‘Avatar’ Seeking a Titanic Box Office
LOS ANGELES - Like any James Cameron film, Avatar is colossal by almost every measure: cost, technology and scope.
In the movie business, though, only one barometer matters: box office. And it has become popular sport here to speculate not only how big Cameron's $300 million sci-fi soap opera will open this weekend, but what it will need to break even in the long haul.
The short answer: a lot.
Analysts say Avatar probably will need to rake in $500 million overseas and at least $250 million in North America to make up for production, marketing and print costs.
But more is at stake than profits, analysts say. The push for theaters to pay for expensive 3-D equipment came largely from Cameron, who has touted his film as a watershed in digital filmmaking.
"You don't have too many weekends when the box office is watched this closely," says Jeff Bock, analyst for industry tracking firm Exhibitor Relations.
"If it's a big hit, a couple things might happen," he says. "The 3-D gold rush will be on. Plus, studios might be more willing to spend that kind of money on big, special-effects-driven films."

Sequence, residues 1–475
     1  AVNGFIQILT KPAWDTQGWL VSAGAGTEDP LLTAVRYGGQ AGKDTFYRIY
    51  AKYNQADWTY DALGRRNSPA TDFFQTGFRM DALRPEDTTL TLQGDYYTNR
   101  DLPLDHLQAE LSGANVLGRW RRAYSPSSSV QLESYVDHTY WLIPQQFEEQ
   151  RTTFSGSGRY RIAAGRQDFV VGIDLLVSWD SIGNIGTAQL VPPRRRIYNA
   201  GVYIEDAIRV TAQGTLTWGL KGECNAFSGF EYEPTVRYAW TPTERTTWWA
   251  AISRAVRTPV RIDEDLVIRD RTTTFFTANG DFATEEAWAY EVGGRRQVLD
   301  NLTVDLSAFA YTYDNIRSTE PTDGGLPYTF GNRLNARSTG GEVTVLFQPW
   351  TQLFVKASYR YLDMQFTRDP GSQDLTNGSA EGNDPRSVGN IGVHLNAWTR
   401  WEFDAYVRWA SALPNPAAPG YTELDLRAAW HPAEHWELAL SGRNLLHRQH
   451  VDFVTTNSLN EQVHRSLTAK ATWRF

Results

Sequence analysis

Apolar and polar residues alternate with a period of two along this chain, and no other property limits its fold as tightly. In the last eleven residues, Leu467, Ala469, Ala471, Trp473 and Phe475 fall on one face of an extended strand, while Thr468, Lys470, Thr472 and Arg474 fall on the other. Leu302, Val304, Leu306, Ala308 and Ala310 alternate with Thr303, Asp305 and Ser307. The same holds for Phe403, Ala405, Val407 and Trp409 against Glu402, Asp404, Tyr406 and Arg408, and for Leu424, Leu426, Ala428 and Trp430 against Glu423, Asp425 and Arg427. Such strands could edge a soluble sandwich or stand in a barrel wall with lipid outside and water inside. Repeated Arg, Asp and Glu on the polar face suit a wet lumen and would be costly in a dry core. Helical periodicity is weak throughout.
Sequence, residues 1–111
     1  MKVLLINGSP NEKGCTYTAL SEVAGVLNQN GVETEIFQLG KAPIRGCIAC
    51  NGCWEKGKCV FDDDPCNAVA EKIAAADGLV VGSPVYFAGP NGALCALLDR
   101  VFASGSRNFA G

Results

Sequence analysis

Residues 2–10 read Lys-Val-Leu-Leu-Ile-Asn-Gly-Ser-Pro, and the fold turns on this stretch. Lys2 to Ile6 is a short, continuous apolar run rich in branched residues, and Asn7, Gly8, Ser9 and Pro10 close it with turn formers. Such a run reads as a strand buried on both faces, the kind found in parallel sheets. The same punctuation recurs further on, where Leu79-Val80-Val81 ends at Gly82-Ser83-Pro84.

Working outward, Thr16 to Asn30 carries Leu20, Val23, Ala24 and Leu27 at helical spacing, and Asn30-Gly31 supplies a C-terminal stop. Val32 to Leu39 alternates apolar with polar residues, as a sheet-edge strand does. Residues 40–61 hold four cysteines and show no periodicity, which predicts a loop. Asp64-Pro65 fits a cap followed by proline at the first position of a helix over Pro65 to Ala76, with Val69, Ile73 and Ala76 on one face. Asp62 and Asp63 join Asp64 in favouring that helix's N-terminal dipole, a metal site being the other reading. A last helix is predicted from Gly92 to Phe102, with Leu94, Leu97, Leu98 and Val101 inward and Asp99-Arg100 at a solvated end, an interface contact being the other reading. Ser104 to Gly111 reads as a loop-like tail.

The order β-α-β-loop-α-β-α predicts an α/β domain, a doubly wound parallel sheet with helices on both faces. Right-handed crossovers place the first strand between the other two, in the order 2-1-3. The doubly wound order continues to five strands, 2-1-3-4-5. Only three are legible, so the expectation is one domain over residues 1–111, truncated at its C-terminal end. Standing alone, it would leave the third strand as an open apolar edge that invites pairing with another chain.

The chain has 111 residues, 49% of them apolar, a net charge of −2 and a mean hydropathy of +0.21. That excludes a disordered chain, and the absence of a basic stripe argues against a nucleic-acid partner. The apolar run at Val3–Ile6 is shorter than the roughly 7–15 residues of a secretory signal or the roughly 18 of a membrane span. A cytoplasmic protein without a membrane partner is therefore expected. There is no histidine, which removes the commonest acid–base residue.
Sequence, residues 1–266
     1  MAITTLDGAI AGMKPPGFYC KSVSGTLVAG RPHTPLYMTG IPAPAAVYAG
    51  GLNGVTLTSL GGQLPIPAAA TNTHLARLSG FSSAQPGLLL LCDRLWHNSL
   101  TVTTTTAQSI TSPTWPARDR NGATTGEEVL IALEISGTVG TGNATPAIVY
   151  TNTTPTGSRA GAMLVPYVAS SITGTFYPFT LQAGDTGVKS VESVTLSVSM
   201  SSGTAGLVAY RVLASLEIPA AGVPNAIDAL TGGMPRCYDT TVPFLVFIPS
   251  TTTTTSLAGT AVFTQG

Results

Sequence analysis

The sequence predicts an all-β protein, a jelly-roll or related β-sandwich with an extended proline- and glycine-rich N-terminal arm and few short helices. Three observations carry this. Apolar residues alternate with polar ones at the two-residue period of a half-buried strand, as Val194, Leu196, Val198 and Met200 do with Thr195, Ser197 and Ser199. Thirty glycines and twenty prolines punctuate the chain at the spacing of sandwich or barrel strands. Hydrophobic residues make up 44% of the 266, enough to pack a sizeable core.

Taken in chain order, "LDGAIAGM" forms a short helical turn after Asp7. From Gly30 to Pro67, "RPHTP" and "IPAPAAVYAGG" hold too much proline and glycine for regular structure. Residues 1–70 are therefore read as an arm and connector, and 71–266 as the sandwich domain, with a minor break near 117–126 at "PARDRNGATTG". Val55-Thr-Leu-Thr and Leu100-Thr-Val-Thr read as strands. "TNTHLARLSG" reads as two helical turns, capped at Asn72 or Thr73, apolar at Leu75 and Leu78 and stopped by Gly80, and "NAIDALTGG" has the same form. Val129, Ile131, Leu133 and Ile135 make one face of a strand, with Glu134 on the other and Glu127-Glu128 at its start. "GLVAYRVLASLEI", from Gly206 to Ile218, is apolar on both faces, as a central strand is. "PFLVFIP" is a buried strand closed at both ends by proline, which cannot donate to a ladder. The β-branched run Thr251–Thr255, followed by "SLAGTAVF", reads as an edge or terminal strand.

And if it flops? "I don't think any studio wants to consider that, because then you don't know what works."
Cameron knows he has driven up expectations. He personally requested the film be moved from blockbuster-heavy summer and instead released during the holidays, much like he did for Titanic.
"We know people will be watching us, and that's OK," he says. "We blew ourselves up real big earlier this year (in spreading word about the movie) to scare away other 3-D movies from this weekend. Now we have to prove ourselves."
So far, critics have been wowed. The film has earned recommendations from more than 80% of the nation's reviewers, according to the movie review site RottenTomatoes.com.
That could give the movie legs through the traditionally slow post-New Year's period, just as it did in 1997 for Titanic, the highest-grossing film ever with $600 million domestically. "I don't think it will break any records on opening day, but he's set up nice for a long run through winter," says Paul Dergarabedian of Hollywood.com. "He's done it before."
One possible snag: Some theaters plan to charge $15 for the 3-D, IMAX experience. That could dissuade marginal Cameron fans, Bock says.
Cameron, as usual, isn't sweating it. "The bigger the spectacle, the better the deal," he says. "For what you have to pay to see a small romantic comedy or little independent film, my movie is a great deal. There's no bargain like that in the world."